Exploration of Attitudes and Experiences of Young Adults Who Do and Do Not Attend College

Diane R. Follingstad, Hayley C. Meadows, Caihong R. Li, Ann L. Coker, Heather M. Bush

Research output: Contribution to journalArticlepeer-review

1 Scopus citations


Personality traits, attitudes, and behavioral intentions of high school seniors prior to attending or not attending institutions of higher education were explored. Because of this age-group’s risk level, variables assessed included historical social/cultural factors, internal/contextual factors, and lifestyle factors potentially associated with violence experiences. Participants were seniors at 24 Kentucky high schools who voluntarily completed surveys. A year later, 2,073 reported whether they attended a 4-year institution (n = 1,038), a 2-year institution (n = 341), or did not attend college (n = 694). The 4-year college attendees reported significantly more protective factors and significantly fewer violence risk factors in high school than peers attending 2-year institutions or not attending college. The 2-year college students largely resembled nonattendees across variables in high school. Traits, behaviors, and attitudes/beliefs occurring prior to young adults’ postsecondary years may not only have potential for predicting post-high school choices but also vulnerability to violence experiences.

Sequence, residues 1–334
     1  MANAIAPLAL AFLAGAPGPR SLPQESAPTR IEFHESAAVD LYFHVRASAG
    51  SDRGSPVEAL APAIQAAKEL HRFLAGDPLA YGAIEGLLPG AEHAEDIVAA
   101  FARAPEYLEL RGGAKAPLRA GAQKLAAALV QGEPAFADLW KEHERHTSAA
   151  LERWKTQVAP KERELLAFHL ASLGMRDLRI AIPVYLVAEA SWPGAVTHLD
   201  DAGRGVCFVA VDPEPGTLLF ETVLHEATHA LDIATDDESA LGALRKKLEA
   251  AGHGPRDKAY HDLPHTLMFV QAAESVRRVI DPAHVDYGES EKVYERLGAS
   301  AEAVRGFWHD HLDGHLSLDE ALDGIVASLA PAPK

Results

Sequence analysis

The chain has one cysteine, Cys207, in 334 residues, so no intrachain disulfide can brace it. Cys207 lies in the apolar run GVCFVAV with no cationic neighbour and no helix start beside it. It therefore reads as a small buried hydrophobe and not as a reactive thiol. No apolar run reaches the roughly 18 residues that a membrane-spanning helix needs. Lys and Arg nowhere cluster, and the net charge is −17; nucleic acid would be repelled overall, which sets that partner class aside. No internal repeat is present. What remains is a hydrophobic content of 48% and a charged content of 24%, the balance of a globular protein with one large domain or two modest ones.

Original languageEnglish
Pages (from-to)202-216
Number of pages15
JournalEmerging Adulthood
Issue number3
StatePublished - Jun 2021

Bibliographical note

Funding Information:
The author(s) disclosed receipt of the following financial support for the research, authorship, and/or publication of this article: This work was supported by National Institutes of Health R01HD075783.

Publisher Copyright:
© 2020 Society for the Study of Emerging Adulthood and SAGE Publishing.


  • 2-year colleges
  • college students
  • high school
  • noncollege
  • violence risk factors

ASJC Scopus subject areas

  • Experimental and Cognitive Psychology
  • Developmental and Educational Psychology
  • Life-span and Life-course Studies


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